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X-ray Excited Optical Luminescence with High-resolution X-ray Diffraction on Individual Monolayer WSe2 Flakes


The correlation of functional response to structural changes remains a challenge for in situ and/or in-operando studies on highly localized anisotrophic phenomena. Therefore, a combined investigation of novel materials functional properties, such as photoluminescence, together with their structural properties, e.g. by X-ray diffraction (XRD) analysis is of high interest.

As an example for the performance of the system, we measured monolayers of transition-metal-dichalcogenides (TMDCs). The TMDCs family presents a native bandgap ranging from the ultraviolet to the infrared, a rather large in-plane electrical carrier mobility (up to 200 cm² V-1 s-1), strong light-matter interaction, and strong exciton-binding energies up to 1 eV at room temperature, which makes them ideal candidates for optoelectronic and photonic applications. [1]

In addition, the band structure in WSe2 shows a transition from an indirect band-gap in bulk to direct one for a single monolayer. As a consequence, WSe2 monolayer flakes exhibit bright luminescence properties. [2]

Experimental configuration

In the center of the system stands a six-circle diffractometer that allows a full strain characterization of crystalline specimen by recoding three dimensional reciprocal space maps for a set of Bragg reflections. Therefore, a collimated highly brilliant X-ray beam impinges on the sample. By rocking the sample around the Bragg condition, the strain state of the sample is investigated.

Simultaneously, the incident X-ray beam excites optical luminescence that is emitted by the sample, as depicted in Fig. 1. The optical collection system aims to increase the photon yield and minimize signal losses by making use of a collimating optics and a glass fiber to transport the light into the spectrometer.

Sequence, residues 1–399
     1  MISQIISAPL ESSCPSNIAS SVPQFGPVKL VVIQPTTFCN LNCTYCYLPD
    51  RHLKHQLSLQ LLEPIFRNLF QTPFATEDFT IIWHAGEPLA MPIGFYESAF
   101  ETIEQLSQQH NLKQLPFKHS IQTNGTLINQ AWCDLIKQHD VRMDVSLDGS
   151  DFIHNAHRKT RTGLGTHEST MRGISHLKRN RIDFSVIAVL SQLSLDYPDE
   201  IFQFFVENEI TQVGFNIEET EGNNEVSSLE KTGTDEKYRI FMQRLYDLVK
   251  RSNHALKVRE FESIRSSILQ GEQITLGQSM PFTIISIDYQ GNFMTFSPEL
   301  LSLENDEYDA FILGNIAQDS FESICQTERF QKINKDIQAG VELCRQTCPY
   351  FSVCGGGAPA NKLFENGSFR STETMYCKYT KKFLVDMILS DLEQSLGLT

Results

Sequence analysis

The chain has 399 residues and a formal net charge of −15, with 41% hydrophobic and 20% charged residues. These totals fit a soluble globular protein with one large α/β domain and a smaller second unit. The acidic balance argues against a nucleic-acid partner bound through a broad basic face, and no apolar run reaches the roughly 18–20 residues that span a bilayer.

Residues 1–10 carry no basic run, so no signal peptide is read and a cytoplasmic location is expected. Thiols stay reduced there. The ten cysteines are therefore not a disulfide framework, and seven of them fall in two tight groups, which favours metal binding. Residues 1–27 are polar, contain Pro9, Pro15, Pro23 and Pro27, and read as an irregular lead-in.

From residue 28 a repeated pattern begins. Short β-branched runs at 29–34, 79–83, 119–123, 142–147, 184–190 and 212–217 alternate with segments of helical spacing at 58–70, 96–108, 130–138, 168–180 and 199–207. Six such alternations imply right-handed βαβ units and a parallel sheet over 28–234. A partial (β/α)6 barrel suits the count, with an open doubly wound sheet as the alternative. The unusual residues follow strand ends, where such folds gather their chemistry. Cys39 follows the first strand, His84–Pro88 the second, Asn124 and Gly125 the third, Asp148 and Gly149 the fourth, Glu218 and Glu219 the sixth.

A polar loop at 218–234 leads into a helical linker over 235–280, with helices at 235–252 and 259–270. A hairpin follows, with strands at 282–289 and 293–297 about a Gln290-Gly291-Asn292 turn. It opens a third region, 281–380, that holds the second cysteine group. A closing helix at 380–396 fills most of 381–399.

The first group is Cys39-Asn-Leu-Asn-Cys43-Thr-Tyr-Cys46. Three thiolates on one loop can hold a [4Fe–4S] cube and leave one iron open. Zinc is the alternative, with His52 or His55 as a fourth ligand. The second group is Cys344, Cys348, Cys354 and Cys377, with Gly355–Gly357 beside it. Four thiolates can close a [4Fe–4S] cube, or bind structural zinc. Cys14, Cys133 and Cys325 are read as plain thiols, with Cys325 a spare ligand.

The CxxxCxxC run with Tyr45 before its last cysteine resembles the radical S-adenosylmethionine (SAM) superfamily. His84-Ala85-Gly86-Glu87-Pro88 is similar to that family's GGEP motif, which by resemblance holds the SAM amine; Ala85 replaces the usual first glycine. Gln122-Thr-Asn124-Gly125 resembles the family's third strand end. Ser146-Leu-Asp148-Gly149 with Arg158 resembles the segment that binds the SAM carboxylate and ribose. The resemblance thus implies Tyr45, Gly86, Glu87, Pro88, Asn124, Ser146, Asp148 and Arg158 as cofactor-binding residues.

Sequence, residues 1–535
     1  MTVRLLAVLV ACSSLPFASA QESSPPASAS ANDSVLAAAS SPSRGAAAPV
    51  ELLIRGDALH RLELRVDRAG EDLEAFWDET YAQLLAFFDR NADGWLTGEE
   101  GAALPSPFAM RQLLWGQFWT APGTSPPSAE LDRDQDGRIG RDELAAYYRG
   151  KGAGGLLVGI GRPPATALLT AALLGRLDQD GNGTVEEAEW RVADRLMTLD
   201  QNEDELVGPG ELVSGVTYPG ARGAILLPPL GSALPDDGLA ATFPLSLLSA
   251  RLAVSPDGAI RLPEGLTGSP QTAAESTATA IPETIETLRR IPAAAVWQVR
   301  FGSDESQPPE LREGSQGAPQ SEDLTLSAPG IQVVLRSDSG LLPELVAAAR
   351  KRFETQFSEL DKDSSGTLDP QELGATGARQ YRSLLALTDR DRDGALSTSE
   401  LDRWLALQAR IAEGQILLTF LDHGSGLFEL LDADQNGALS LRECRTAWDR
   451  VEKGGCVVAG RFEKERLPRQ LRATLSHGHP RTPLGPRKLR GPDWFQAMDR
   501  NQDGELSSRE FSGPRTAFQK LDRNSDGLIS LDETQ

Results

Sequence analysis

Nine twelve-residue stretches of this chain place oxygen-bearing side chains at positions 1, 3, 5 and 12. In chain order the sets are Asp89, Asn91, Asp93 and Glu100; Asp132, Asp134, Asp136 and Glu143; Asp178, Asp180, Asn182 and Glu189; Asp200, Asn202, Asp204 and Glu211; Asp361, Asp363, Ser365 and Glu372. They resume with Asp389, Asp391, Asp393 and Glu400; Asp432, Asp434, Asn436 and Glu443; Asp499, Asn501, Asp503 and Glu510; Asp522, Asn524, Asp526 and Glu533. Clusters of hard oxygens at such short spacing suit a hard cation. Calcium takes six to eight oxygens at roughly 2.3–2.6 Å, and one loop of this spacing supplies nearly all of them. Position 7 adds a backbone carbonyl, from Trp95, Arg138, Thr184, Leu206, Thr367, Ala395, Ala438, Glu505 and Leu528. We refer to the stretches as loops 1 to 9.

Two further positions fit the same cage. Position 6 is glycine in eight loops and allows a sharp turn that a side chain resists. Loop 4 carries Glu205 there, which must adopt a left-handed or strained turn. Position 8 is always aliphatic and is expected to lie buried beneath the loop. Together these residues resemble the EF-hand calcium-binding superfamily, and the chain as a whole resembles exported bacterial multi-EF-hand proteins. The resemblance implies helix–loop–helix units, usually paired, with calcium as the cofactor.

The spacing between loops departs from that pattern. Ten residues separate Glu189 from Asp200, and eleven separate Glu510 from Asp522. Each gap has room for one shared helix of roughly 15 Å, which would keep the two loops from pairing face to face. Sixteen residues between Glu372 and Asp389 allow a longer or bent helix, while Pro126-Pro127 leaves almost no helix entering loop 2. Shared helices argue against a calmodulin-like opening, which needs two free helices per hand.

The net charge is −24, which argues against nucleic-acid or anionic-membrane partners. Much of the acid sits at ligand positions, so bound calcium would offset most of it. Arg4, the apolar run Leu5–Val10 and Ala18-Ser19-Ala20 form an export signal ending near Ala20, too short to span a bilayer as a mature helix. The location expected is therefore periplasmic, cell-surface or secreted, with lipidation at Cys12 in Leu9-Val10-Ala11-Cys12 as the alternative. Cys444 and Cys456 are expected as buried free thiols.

Figure 1: Schematic of the XEOL combined XRD configuration, indicating the emitted signal (Ie) and diffracted signal (Id) while the sample is mounted onto a six-circle diffractometer, and inclined by ~30 deg.

With a protective silver coating on all spectrograph mirrors, the highest reflectivity is achieved for a wavelength range from 400 nm to 1000 nm. A turret holding three different gratings, 300 l/mm, 600 l/mm and 1200 l/mm allows sufficient flexibility from wide range, overview spectra, to highly resolved spectra, respectively. The Andor multicore quartz glass fiber offers a core diameter of 200 μm (NA = 0.22) with an operation window from UV to VIS.

Sample preparation and first measurements

The measurements with the described collection system were first carried out at beamline P08 of the German Electron Synchrotron (DESY) in Hamburg. The portable set-up of the optical collection system allows for simple adaptation to different experimental end stations and a quick exchange. The 2D material system was excited with a monochromatic 15 keV X-ray beam.

The sample was produced by mechanical exfoliation to obtain flakes of WSe2, with sizes in the order of (5 x 10) μm². Such flakes were transferred to patterned Si (111) substrates with Au markers to identify individual flakes. An x-ray beam focused down to a size of (3 x 30) μm2 allowed to excite optical luminescence from a single WSe2 Monolayer, as seen in the inlay of Fig. 2. A full spectrum was recorded with an integration time of 100s in single photon counting mode and applying background correction (Fig. 2.)

Figure 2: XEOL spectra from a single WSe2 Monolayer at RT. The inlay shows the specimen next to a neighboring Au marker, with a length of 20 μm, under an optical microscope.


XRD provides a model free insight to structural configurations with an exceptional flexibility for in-situ and in-operando measurements. At the same time the specimens’ functional response can be probed at the very same location and state.

The Andor iVac DR316B-LDC-DD CCD detector mounted on a Shamrock SR-303i-B-SIL spectrograph allows detecting full spectra from a single monolayer of WSe2, excited by highly brilliant X-rays. The combination of the individual components makes this system highly flexible for user-operation in a wavelength range from 400 nm to 1000 nm and can be used for the characterization of different material systems.


  1. S. Kobolov and J. Tominaga J (2016) (Switzerland: Springer Series in Materials Science) DOI: 10.1007/978-3-319-31450-1_7
  2. Martín-Sánchez et al. Nano Res. (2017) DOI: 10.1007/s12274-017-1755-4

Category: Application Note

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